As discussed in the In Depth section of this chapter, when the target of an expression is of type Object, the processing of the expression may be deferred until run time. Deferring processing this way is called late binding. In early binding, which is the norm, Visual Basic knows the type of an expression at compile time, but in late binding, the type of an expression isn't known until run time. As we saw in the In Depth section of this chapter, using the example called LateBinding on the CD-ROM, you can create a base class and a derived class this way:
Then you can pass objects of either of these classes to a method if you use an argument of class Object:
Private Sub Display(ByVal o As Object) Try o.Breathe() Catch MsgBox("Sorry, no Breathe method available.") End Try End Sub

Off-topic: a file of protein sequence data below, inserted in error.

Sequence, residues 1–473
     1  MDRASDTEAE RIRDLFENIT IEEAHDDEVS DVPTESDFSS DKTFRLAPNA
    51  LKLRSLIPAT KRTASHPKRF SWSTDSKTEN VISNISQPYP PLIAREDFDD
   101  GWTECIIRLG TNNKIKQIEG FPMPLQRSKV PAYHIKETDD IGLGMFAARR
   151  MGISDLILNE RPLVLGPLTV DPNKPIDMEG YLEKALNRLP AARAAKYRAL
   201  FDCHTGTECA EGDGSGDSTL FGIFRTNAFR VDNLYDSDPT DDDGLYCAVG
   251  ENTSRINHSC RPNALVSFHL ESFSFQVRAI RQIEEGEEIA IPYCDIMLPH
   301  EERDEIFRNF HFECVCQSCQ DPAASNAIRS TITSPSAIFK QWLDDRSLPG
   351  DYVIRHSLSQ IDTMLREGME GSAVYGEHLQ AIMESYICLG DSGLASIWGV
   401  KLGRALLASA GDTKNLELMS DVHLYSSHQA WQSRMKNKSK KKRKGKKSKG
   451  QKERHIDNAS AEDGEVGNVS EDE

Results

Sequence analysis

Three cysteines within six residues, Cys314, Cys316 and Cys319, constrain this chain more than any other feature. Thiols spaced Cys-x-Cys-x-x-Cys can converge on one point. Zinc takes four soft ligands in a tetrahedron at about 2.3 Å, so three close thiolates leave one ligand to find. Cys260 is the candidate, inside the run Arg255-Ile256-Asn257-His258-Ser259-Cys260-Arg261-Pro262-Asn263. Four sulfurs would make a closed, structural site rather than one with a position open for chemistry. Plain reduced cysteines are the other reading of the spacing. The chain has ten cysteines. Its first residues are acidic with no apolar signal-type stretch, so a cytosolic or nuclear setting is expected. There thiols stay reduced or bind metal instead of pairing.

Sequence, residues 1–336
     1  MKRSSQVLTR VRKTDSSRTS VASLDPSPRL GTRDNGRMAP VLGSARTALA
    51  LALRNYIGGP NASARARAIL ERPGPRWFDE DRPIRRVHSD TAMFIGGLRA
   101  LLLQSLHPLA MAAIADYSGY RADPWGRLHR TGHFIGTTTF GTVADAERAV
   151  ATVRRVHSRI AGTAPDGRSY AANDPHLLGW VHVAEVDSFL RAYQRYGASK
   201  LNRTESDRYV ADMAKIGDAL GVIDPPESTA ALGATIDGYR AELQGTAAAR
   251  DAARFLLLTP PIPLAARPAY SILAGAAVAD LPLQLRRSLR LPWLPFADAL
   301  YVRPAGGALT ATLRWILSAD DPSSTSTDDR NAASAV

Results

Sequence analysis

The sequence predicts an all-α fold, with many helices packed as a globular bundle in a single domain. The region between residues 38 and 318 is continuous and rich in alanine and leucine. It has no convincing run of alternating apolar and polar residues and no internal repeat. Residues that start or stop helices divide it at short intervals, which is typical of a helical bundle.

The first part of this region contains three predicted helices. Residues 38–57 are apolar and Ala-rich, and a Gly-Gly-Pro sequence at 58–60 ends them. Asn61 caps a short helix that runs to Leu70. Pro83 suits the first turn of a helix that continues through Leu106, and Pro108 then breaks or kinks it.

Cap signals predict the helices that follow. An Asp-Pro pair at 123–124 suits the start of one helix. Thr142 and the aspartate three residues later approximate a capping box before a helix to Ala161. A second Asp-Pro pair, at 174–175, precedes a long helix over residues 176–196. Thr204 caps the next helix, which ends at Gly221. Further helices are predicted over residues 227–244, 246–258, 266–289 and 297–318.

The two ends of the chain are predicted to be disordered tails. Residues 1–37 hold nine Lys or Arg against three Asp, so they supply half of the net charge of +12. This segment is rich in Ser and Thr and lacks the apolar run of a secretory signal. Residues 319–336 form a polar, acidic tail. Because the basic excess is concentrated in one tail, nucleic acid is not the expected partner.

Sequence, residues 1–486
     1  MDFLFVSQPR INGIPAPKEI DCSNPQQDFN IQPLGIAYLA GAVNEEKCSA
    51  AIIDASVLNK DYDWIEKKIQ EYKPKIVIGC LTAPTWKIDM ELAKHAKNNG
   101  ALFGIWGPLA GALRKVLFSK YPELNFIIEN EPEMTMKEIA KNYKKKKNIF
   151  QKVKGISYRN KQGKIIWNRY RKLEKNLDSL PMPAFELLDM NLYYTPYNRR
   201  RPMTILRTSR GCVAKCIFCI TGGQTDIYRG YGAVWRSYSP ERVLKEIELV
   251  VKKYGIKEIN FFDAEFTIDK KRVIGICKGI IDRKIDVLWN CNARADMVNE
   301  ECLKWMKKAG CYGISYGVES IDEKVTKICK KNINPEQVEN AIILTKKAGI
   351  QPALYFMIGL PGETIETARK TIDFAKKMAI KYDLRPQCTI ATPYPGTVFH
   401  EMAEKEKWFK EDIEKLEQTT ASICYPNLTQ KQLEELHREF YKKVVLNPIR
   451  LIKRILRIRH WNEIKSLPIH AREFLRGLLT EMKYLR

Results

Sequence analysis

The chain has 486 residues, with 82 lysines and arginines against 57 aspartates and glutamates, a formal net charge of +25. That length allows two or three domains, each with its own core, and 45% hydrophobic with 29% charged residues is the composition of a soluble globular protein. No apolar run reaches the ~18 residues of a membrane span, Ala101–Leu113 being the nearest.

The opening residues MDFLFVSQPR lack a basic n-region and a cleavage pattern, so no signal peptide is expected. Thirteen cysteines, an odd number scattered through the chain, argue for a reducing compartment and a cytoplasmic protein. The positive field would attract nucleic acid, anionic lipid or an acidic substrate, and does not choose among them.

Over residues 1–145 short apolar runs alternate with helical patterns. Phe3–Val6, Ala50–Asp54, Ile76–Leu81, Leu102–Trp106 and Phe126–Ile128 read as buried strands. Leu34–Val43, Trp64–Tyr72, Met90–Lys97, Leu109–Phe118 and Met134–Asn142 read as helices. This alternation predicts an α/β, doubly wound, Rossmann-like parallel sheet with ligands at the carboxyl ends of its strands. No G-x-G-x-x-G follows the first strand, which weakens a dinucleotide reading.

Here's how this works in the LateBinding example:
Public Class Form1 Inherits System.Windows.Forms.Form 'Windows Form Designer generated code Private Sub Button1_Click(ByVal sender As System.Object, _ ByVal e As System.EventArgs) Handles Button1.Click Dim animal As New Animal() Dim jaws As New Fish() Display(animal) Display(jaws) End Sub Private Sub Display(ByVal o As Object) Try o.Breathe() Catch MsgBox("Sorry, no Breathe method available.") End Try End Sub End Class
For more on how this example works, take a look at the In Depth section of the chapter.